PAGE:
What a crazy year it has been! One trend in the business world that has become more evident to us is a sharp rise in shareholder disputes. These disputes have involved issues such as concerns over access to information, dissatisfaction with decisions at the board and management levels of the business and frustrations with certain actions of business partners (including dealings with shares in the company and company assets). Of course, the easiest and cheapest way to resolve these disputes is for the business partners to talk it through with one another and work out a path forward. However, often the people involved are so adamant that their perspective is right and that of their business partner(s) is wrong, therefore, a negotiated outcome proves very difficult to achieve.
It is usually when the discussions between the business partners have failed that the phone rings and the client explains to us that they want to know how to force their business partner to leave the business and sell their shares, or how to force their business partner to buy their shares in the business so our client can move on with their life.
At this point, all too often, there is an awkward silence when we ask whether the shareholders agreement or the constitution of the company provides for a right to compel the sale or purchase of shares simply because the business partners have had a falling out. The silence is commonly the result of the fact that there is no shareholders agreement, or – if there is a shareholders agreement – neither it nor the constitution gives the parties the right to force an exit from the company on acceptable terms.
The importance of smart structuring and decent contracts
Ideally, the investor should seek to have a majority ownership stake in the legal entity and to be able to control the decision-making at the board and management level of the business. That said, it is not uncommon for business people to take a 50:50 stake in a business entity with another partner, or to take a minority ownership stake, frequently alongside other business partners or investors. This means, among other things, that they may not have control of the board of directors of the entity. Sometimes there are strategic, commercial and financial reasons for opting for a 50:50 or even a minority stake. Whatever the reason, the shareholder should ensure that they protect their interests as well as possible from the outset.
Prevention is better than cure
Prevention is usually more effective and certainly cheaper than a cure. Shareholders would do well to seek professional advice on how they can, for instance, buttress the protection of 50:50 owners or minority parties and how they can best structure their investment. If investors do invest in a legal entity (and especially where they do so as 50:50 or minority investors), they would be prudent to do the simple things well, such as:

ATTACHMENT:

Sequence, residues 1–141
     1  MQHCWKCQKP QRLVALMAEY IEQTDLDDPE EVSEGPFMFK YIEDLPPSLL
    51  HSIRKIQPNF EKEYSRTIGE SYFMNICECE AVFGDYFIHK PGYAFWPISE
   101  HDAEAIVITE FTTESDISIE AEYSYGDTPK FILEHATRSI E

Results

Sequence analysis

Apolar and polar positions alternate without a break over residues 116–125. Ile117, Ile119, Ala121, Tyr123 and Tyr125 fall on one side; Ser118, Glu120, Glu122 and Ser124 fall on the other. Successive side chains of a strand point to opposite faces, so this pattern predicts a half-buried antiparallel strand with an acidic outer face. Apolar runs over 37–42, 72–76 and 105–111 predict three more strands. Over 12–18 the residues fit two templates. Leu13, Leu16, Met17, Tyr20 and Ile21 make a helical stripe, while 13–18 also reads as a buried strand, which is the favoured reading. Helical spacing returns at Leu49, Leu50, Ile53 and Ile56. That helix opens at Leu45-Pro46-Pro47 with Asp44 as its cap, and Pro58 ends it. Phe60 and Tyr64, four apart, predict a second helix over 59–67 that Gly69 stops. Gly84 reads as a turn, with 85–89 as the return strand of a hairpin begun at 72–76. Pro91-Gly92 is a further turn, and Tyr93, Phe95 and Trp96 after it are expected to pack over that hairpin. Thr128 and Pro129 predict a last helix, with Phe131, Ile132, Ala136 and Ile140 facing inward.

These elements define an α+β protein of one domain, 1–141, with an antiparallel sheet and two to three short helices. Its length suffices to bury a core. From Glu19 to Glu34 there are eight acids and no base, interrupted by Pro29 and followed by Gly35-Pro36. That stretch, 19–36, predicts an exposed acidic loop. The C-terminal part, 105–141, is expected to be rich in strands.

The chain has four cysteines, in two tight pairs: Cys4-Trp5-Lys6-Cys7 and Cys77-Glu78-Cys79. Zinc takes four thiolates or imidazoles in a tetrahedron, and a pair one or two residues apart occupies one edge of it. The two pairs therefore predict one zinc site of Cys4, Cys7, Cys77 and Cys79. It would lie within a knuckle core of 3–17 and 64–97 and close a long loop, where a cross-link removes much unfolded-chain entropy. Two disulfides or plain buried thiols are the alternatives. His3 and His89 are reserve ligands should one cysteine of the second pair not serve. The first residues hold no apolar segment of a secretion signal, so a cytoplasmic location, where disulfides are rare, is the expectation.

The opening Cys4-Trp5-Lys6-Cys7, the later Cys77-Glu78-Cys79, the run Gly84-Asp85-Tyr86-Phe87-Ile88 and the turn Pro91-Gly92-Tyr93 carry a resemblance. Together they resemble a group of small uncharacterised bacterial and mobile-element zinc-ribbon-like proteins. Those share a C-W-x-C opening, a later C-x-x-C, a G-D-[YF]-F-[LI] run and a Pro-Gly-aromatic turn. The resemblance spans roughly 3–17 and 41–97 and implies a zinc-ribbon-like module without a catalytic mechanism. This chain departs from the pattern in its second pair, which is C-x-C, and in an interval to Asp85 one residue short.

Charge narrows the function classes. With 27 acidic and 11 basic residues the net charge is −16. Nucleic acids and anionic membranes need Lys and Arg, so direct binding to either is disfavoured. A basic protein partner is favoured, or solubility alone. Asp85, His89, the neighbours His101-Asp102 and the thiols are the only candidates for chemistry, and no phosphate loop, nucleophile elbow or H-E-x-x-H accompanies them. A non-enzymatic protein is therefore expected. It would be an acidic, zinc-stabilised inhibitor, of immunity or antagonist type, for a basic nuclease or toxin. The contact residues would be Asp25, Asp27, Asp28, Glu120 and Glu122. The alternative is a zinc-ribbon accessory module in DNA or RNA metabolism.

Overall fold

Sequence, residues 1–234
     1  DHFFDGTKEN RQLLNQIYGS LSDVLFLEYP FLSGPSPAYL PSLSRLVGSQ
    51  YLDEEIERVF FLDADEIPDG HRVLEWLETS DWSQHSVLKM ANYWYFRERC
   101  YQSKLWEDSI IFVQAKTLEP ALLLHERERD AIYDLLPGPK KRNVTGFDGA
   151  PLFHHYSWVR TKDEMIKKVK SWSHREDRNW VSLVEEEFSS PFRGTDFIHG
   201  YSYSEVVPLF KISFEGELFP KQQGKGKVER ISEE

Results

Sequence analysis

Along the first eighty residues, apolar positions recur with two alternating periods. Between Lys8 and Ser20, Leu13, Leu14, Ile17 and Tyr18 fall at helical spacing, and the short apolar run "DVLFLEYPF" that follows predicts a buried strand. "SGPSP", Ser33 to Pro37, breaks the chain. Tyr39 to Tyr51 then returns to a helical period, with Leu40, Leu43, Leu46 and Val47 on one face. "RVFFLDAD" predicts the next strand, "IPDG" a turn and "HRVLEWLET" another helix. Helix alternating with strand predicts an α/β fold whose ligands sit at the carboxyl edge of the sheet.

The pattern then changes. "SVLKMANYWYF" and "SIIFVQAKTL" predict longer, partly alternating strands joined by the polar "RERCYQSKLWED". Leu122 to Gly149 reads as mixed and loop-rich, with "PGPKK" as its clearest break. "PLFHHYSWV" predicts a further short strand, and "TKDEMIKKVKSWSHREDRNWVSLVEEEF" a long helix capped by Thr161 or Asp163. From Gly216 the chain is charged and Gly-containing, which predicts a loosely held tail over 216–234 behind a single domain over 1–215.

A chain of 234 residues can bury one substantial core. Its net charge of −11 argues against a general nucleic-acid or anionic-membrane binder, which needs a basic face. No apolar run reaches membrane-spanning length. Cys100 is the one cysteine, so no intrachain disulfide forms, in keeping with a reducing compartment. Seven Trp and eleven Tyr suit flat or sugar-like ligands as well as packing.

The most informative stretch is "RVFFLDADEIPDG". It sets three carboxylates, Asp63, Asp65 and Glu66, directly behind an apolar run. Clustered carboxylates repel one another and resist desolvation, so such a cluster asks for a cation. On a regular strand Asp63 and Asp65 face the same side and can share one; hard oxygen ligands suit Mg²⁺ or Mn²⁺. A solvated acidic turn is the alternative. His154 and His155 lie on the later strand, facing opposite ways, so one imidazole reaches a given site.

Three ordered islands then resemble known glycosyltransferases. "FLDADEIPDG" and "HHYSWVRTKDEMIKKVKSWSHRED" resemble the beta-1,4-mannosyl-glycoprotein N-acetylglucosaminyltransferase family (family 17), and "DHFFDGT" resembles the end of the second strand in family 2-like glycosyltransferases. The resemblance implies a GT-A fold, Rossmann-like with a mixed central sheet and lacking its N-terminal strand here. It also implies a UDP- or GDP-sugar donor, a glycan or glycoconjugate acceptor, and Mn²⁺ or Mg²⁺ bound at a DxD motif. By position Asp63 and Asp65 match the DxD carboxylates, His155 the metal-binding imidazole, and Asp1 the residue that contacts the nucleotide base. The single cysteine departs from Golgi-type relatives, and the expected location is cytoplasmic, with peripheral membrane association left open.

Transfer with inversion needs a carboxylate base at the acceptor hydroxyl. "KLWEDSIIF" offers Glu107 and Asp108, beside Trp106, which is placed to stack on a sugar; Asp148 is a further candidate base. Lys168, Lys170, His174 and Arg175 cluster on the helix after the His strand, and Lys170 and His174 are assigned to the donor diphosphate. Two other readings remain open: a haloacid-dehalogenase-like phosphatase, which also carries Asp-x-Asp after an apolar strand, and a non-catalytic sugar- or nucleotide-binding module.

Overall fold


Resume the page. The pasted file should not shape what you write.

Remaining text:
To the extent possible, if investors become minority shareholders in an Australian legal entity, they would also be wise to:
Be prepared for the fight
If it becomes clear that there is no way forward for the parties to remain in business and they need to go their separate ways, then having a good quality shareholders agreement and constitution will help. It would also be helpful if the shareholder understands their legal position under Australian law. The law provides mechanisms for upholding the rights and interests of shareholders (and minority shareholders in particular). For instance, the Corporations Act 2001 (Cth) (Act) provides the following, among others, statutory protections of shareholders’ rights:
Knowing how and when these rights can be applied to obtain leverage in respect of negotiated or court-ordered outcomes is crucial for all business owners of private companies.
Parties can use independent facilitators before getting into the deal to help work out what the shareholders arrangements might be. When shareholder disputes arise, it is often best to get legal help sooner rather than later, even during the “negotiation phase” of the dispute resolution process. It often makes sense to involve independent expert mediators to help resolve the more bitter and entrenched shareholder disputes.
Parties should also be aware that they would be best placed speaking with their lawyers before appointing independent expert valuers to value the parties’ shares in the legal entity. This is especially the case where the independent expert valuer’s valuation decision is binding on the parties.
Whilst it is unfortunate for many business owners that these trying times will likely see a further spike in shareholder disputes, having an understanding of the basic legal concepts discussed above can assist business owners to avoid any such disputes spiralling out of control into emotionally and financially destructive legal fights.
For a more in-depth discussion on shareholder disputes, click here to register and watch our presentation which covers how to best approach resolution of shareholders disputes using alternative dispute resolution and/or litigation, key issues to be aware of when acting as a minority shareholder and the protections available for these shareholders.
If you need any assistance on avoiding or resolving a shareholder dispute, please contact us.
The information in this publication is of a general nature and is not intended to address the circumstances of any particular individual or entity. Although we endeavour to provide accurate and timely information, we do not guarantee that the information in this newsletter is accurate at the date it is received or that it will continue to be accurate in the future.